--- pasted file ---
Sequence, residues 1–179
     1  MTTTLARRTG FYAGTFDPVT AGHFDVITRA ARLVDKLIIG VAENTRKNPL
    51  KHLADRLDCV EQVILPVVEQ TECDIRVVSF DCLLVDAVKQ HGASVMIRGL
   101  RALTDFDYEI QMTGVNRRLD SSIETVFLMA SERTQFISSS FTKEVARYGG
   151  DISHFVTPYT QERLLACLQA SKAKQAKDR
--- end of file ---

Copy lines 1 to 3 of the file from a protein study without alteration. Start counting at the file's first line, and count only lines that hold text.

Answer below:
Sequence, residues 1–179
     1  MTTTLARRTG FYAGTFDPVT AGHFDVITRA ARLVDKLIIG VAENTRKNPL
    51  KHLADRLDCV EQVILPVVEQ TECDIRVVSF DCLLVDAVKQ HGASVMIRGL